Niagara Gazette — Two American high school students have done something extraordinary. One of them have just scored a perfect Scholastic Aptitude Test (SAT) score and the other has just won $75,000 on Alex Trebek’s Teen Jeopardy show. The two students have a lot in common with many other students across America, in that their successes are rooted in their ambitions, their parental support and in a school system that has dedicated itself to their success. But there are a couple of other things that make these two students, by birth, stand out: both of them are African-American males who did not use the color of their skins as an excuse to fail. In fact, they used it as a reason to succeed.
Though they are African-Americans, they are much, much more: they are Americans — period. And while Cameron Clarke, who attends the prestigious Germantown Academy of Philadelphia, Pennsylvania, was one of only 360 of the roughly 15-million high school students in America to attain a perfect score, it is possible for any of our local Niagara Falls High School students of any color to do likewise, if they had the support he had. If Clarke’s parents had to pay for his 13-year education in one payment of today’s dollars, then their bill would be a seemingly whopping $320,000. You may say that, “Well, I can see how he made it. I could never pay that much for my child.”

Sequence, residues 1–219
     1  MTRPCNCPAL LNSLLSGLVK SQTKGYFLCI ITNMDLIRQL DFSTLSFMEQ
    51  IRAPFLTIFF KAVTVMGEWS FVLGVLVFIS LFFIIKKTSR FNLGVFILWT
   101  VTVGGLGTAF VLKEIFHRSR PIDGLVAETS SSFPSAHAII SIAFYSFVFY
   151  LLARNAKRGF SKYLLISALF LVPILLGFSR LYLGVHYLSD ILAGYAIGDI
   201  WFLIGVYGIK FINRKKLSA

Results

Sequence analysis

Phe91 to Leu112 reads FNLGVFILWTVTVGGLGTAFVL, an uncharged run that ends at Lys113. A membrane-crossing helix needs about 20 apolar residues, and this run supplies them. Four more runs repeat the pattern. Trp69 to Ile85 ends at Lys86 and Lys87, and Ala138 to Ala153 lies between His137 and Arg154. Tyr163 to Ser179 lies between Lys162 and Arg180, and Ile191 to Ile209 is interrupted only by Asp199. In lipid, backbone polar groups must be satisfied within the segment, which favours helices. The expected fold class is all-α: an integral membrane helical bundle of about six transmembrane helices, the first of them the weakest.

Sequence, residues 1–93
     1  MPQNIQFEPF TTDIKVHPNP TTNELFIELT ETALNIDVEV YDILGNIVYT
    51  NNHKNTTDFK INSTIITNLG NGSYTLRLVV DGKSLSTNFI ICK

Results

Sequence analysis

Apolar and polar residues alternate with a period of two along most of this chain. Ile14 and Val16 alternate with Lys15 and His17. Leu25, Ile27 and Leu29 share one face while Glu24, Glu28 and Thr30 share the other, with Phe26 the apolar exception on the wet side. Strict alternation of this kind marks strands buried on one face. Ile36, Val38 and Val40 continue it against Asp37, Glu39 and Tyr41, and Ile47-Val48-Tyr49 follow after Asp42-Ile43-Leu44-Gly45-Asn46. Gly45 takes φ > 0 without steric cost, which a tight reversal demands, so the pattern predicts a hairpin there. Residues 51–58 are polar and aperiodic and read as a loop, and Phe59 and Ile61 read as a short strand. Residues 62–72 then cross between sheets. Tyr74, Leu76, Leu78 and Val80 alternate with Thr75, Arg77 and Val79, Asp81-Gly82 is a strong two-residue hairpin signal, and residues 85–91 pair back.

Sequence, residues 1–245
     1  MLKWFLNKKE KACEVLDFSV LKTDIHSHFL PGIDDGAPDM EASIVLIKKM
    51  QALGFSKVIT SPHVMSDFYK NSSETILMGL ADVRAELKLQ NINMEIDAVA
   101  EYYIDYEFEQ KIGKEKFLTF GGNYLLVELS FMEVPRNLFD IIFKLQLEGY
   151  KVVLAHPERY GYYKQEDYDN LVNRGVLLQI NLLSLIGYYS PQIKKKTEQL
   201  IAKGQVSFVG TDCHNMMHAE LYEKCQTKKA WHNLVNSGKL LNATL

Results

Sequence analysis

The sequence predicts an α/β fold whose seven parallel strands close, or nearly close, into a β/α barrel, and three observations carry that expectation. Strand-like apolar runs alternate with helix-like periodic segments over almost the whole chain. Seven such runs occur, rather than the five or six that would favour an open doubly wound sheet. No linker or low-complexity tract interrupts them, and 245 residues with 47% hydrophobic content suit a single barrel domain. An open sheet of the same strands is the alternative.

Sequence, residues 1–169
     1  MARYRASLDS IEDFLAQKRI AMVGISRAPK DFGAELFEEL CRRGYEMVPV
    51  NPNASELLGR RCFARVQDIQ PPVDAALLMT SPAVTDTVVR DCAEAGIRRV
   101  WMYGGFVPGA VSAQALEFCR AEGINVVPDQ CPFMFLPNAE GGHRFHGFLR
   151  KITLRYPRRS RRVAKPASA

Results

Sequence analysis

Leonard Cooper, of the Little Rock, Arkansas’s eSTEM Public Charter School comes from a school district that spends an average of about $155,000 per student for those same 13-years; years that produced a Jeopardy-winner. While it is $165,000 less than Clarke’s Germantown Academy, it is also $82,000 less than what we spend per student in Niagara Falls. In fact, the average $237,000 that we spend per student for a 13-year education here is within $500 of the average cost of both of these boys’ education.